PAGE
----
Come Alive in Family / Day 1

BIBLE READING

Ephesians 6: 1-4

Children, obey your parents in the Lord, for this is right. ‘Honour your father and mother’– which is the first commandment with a promise – ‘so that it may go well with you and that you may enjoy long life on the earth.’

Fathers, do not exasperate your children; instead, bring them up in the training and instruction of the Lord.

SUMMARY OF SUNDAY’S MESSAGE

Over the past two weeks we have looked at our purpose asking, ‘Why are we here?’ and then at marriage asking, ‘Who will we fulfill our purpose with?’ This week we are thinking about family relationships. We need to think about family in two different contexts.

The first is with Ephesians 5:21 in mind: “Submit to one another out of reverence for Christ.”

As disciples we surrender all that we are and all that we have to King Jesus. It’s exactly the same with our families. We lay our lives down for others in response to all that God has done for us.

The second context is wider than our immediate families. We are called to be fathers and mothers in our city. We lovingly, yet confidently, carry Kingdom authority into our workplaces, classrooms, shops and streets.

As the church, we are a family of brothers and sisters. Rather than fighting for significance we use our delegated authority to effect transformation.

We all have family, we grew up in one and we may be growing one ourselves. As with every family, there are probably things we love dearly while other aspects of family life are difficult and more challenging. We tend to assume that what we grew up with is normal for everyone, when actually that may not be the case. Every family has a unique culture, ways of relating and behaving, which may be totally different to how you were raised.

The old saying, ‘you can choose friends but not your family’ is true with one notable exception. In Ephesians 1, Paul writes this:

“Even before he made the world, God loved us and chose us in Christ to be holy and without fault in his eyes. God decided in advance to adopt us into his own family by bringing us to himself through Jesus Christ. This is what he wanted to do, and it gave him great pleasure.” (vv. 4-5 NLT)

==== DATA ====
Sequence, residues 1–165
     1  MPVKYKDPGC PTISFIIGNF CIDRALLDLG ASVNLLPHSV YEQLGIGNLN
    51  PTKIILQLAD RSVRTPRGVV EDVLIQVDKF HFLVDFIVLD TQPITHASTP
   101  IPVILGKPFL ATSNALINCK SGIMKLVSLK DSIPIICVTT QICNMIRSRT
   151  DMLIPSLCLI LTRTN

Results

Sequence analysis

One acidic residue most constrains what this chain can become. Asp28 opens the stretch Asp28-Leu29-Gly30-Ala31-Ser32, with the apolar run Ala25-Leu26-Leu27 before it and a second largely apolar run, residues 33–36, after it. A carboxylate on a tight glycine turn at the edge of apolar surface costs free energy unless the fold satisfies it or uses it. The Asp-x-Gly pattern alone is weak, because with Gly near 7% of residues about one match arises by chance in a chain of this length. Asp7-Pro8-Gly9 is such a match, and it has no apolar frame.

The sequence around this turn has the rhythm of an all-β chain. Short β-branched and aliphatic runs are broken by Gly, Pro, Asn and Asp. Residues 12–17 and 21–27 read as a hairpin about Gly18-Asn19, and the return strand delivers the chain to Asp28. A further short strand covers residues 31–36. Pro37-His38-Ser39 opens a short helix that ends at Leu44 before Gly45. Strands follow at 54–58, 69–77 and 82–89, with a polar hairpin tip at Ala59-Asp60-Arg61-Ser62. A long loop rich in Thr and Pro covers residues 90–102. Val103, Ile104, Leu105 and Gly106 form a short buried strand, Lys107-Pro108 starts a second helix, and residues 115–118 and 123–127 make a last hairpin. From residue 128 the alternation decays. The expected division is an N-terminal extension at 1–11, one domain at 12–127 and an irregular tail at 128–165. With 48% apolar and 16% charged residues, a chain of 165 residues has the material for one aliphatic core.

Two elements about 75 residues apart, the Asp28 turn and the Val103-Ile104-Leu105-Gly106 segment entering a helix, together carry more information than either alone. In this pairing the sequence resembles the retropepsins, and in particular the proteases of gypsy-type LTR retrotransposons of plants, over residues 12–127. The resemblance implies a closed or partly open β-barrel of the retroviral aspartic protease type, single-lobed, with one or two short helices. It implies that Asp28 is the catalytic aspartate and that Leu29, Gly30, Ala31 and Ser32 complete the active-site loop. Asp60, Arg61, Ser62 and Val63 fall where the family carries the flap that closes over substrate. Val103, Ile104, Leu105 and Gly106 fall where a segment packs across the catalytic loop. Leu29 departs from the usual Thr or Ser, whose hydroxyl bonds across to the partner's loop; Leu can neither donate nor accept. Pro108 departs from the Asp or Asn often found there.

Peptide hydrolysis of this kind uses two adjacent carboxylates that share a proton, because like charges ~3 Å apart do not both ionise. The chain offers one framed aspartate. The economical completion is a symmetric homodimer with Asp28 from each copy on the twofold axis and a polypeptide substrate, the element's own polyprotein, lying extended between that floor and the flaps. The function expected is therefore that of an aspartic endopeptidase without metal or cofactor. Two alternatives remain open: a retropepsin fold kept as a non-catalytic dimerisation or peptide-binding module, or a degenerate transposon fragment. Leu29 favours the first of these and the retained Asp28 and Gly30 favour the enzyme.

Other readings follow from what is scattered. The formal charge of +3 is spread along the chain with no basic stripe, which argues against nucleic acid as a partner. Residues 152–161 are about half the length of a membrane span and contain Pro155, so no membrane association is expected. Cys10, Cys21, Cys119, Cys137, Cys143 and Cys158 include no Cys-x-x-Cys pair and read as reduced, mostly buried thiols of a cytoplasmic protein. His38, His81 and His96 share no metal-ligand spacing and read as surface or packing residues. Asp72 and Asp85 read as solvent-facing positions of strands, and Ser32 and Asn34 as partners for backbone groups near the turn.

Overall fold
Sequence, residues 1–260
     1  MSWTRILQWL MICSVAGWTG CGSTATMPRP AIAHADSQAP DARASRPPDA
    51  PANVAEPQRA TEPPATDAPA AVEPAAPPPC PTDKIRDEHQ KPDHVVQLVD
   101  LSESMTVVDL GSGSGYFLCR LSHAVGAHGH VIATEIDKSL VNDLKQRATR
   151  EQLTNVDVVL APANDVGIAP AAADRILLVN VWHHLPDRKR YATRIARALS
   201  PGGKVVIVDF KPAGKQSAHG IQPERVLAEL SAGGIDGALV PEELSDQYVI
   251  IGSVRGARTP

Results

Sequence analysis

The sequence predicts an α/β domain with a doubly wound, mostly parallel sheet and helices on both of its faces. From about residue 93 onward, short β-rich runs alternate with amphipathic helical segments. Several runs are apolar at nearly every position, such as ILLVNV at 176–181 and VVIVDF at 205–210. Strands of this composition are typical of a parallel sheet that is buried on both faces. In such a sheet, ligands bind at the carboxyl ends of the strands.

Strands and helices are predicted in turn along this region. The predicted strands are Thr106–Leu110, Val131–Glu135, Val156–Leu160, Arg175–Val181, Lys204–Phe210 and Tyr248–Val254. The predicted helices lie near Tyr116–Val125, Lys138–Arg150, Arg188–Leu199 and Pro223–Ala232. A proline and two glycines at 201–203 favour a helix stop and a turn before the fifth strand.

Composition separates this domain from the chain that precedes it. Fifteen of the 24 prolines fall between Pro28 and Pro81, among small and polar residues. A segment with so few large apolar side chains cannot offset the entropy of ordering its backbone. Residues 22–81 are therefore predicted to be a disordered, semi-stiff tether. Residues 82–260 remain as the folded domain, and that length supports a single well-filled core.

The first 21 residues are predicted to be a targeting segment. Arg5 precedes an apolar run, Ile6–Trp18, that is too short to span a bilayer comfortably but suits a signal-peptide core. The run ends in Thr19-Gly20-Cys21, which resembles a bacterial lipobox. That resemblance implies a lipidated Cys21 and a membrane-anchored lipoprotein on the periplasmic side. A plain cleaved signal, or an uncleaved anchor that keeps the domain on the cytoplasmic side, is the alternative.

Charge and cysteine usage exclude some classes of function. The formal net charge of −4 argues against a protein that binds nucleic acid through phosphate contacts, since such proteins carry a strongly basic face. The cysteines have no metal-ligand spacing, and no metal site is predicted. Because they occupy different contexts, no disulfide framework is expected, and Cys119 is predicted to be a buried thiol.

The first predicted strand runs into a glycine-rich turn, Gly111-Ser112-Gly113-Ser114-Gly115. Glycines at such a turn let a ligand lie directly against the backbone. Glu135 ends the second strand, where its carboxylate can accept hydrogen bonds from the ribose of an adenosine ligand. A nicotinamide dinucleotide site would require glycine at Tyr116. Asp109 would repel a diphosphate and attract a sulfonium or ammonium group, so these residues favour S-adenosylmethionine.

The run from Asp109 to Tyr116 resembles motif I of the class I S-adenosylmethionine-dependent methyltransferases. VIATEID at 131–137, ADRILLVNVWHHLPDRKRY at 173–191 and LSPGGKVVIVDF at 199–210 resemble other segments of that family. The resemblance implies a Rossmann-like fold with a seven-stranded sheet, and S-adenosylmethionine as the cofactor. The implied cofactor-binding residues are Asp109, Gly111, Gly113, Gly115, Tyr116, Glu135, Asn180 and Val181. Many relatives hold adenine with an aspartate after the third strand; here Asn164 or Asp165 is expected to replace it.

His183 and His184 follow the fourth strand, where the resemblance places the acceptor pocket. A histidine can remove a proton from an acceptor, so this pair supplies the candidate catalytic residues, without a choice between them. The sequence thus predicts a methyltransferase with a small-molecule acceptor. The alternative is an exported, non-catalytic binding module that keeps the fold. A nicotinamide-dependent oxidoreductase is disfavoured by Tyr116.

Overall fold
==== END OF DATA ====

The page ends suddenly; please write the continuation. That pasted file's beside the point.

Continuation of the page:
God made a choice when He adopted us into His family. He brought us in because of desire not necessity or by accident. He dearly wanted us as His children. You can get pregnant by mistake but you don’t adopt by mistake. It is absolutely intentional.

Every family has some frustrations and tensions. We tend to think, “If only they would see things my way, then this would all be sorted out.” However, the other person is probably thinking exactly the same thing. We hold positions because we think they are right or they are best for us. However, every family needs mutual submission and Godly surrender to succeed.

As children we tend to think that the whole world revolves around us and that the purpose of family is to serve our needs. A child’s attitude is: “If I'm happy, everyone is happy.” We carry that into adulthood. However, as we submit out of reverence for Christ, we realise this this isn’t all about ‘me’ but ‘we’. The primary role of our families is not to raise us up but to leverage our power to raise others up.

Paul quotes the command that we should honour our fathers and mothers. For some of us that will be easier than for others. Some people had parents who wounded them, perhaps they were overly harsh, unavailable or unkind. If that was the case, as children we often make promises that we’ll do things differently in our own families. However, if our hearts are full of hurt and dishonour, we are likely to repeat the same things. We will carry that pain wherever we go and it ultimately catches up with us.

They alternative is to engage in forgiveness, even if the other person doesn’t deserve it. Your own family today do deserve it and they are the ones who will pay for your bitterness and resentment.

Paul goes on to say that fathers should not exasperate their children. Dads are so vitally important in what they speak over their children. Their job is to engage and encourage their kids. It is also about being a father to others, investing in the lives of those we want to see grow and flourish in all of life.

Paradoxically as parents we constantly tell our children to be careful and yet we want adults to take more risks. When we parent out of purpose instead of prevention we begin to change the destiny of our children. They learn to change culture instead of merely surviving it.

Purpose doesn’t simply react to a child’s behaviour but seeks to dig deeper to the essence of what caused it and calls out the underlying positive potential. Kids often live up to expectations set for them in family.

We should pray that God would reveal the purpose He has for our families. We have the ability to draw a line in any negative family history and begin to see new generations experience a different destiny.